Saturday, July 18, 2009

Debt is normal. Be weird!

The title of this blog post seems attributed to Dave Ramsey thanks to the bumper stickers he sells, but I'm not sure he didn't lift it from somewhere else. My good friends, Matt and Angie, have this sticker on one of their vehicles, and I've always loved it.

I know on the surface that staying out of debt is important, but I've never really thought about how truly important it is. My wife and I had some very significant (to us, anyway) credit card debt at one point. We managed to get it mostly under control when a life altering event meant never having to worry about that kind of thing again. But I still vividly remember what it was like. I'd like to think had my event not occurred that I would have still found a way to get on the good side of the debt curve, but I'm not totally convinced of it. At any rate, what I do know is that most Americans aren't convinced of the importance or we wouldn't have a lot of the economic situations that exist today.

I implore every hard working person to take an hour of your time to watch this video:



I want to thank Sarah Street for turning me on to Elizabeth Warren. It's a shame that it takes a law professor turned statistician and researcher who happens to be a good public speaker almost an hour to articulate this kind of data properly, or more people might get the message. And you can skip straight to minute five and miss the introduction if you're time sensitive. Watch at least ten minutes and you'll find a way to watch the rest even if it is in pieces. It's well worth it.

4 comments:

mike said...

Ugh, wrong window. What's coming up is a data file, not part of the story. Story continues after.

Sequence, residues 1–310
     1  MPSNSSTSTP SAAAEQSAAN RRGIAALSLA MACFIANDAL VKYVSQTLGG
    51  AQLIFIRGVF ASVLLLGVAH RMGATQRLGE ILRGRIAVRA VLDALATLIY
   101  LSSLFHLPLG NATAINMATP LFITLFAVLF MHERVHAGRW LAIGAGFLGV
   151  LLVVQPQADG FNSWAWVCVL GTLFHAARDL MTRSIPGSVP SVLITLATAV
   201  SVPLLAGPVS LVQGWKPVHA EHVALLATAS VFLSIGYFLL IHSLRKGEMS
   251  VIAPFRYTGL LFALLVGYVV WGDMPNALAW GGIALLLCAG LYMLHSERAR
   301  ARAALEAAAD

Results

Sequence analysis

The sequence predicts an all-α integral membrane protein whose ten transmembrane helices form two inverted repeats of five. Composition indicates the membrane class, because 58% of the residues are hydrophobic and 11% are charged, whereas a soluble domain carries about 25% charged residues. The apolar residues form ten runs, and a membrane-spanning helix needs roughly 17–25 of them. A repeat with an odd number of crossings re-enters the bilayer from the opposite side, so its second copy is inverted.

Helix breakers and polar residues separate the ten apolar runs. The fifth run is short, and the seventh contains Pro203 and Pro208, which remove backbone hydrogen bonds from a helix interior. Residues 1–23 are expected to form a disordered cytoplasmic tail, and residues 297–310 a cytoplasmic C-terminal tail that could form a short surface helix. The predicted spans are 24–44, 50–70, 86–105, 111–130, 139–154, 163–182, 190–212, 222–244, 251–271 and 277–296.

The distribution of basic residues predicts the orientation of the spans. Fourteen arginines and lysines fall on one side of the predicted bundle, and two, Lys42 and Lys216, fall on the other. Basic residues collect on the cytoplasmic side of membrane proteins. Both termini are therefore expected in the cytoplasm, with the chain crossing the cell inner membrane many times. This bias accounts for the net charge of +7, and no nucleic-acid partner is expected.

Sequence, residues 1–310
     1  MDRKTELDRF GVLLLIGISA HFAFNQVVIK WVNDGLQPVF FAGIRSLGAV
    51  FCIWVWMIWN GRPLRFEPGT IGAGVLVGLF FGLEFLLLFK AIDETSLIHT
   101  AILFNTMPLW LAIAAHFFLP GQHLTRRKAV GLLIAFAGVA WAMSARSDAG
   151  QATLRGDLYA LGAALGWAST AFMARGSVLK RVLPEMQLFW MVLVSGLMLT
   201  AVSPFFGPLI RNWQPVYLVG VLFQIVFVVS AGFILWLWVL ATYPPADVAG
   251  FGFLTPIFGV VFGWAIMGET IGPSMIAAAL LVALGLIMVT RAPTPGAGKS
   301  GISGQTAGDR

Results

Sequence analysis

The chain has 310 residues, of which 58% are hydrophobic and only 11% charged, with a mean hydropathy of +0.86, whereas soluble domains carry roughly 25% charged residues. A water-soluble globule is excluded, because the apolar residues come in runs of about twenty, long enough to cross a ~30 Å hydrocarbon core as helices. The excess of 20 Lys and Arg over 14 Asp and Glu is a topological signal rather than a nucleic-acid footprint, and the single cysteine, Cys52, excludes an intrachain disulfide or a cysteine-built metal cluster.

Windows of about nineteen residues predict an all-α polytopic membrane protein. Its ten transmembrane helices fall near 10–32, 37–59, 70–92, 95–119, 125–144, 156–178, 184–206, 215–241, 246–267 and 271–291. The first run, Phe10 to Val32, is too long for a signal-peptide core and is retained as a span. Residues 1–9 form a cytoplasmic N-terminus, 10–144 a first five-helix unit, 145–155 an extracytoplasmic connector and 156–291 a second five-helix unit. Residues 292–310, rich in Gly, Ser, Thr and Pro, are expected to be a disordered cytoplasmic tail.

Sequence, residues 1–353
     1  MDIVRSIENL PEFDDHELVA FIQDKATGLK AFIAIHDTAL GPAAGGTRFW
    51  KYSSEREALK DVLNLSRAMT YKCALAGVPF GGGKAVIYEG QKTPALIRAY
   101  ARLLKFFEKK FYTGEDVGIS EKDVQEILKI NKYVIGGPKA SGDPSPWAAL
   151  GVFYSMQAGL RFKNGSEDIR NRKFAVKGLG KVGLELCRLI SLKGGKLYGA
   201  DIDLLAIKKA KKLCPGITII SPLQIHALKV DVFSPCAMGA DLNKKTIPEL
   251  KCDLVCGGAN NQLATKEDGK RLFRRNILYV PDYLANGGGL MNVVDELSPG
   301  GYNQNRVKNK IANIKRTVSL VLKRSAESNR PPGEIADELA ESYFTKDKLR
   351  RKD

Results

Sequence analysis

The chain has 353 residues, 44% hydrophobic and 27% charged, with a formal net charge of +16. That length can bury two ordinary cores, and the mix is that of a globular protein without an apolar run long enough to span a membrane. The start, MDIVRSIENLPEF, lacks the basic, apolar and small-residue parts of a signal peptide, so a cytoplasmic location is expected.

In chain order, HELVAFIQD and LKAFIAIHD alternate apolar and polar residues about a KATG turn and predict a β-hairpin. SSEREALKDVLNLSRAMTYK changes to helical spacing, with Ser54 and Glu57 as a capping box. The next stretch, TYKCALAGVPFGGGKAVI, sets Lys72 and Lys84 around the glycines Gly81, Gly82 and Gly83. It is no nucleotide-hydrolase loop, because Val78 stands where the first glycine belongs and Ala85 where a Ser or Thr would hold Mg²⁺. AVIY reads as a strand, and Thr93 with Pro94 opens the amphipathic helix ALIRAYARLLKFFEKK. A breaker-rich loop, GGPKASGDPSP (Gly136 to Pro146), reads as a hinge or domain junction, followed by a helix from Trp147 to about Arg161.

If you really want to be scared, listen to what former GAO comptroller David Walker has to say on the topic. If anyone ought to know where the US debt is leading us, the person responsible for auditing it is a good candidate.

http://www.cbsnews.com/stories/2007/03/01/60minutes/main2528226.shtml

Lima Bean said...

we'd like one of those life-altering events to happen to us, please.

no really, we're also doing our best to stay out of debt (consumer anyway--house and school are kind of unavoidable at this point) and it's amazing how liberating and freeing it really is.

Lady Holiday said...

My brother pays $500 a month just in finance charges and minimum payments on his credit cards. He could be investing that money, but instead its going nowhere and his debt isn't shrinking. I don't understand how he can live with that. I've got a lot of student loans, but I feel really really happy and burden-free to have no credit card debt!

jeepmama said...

Glad you like my sticker, man! I totally believe in it. It doesn't always take a life-altering event, though they are nice! Hard work and patience can go a long way with paying down...and staying away from...debt.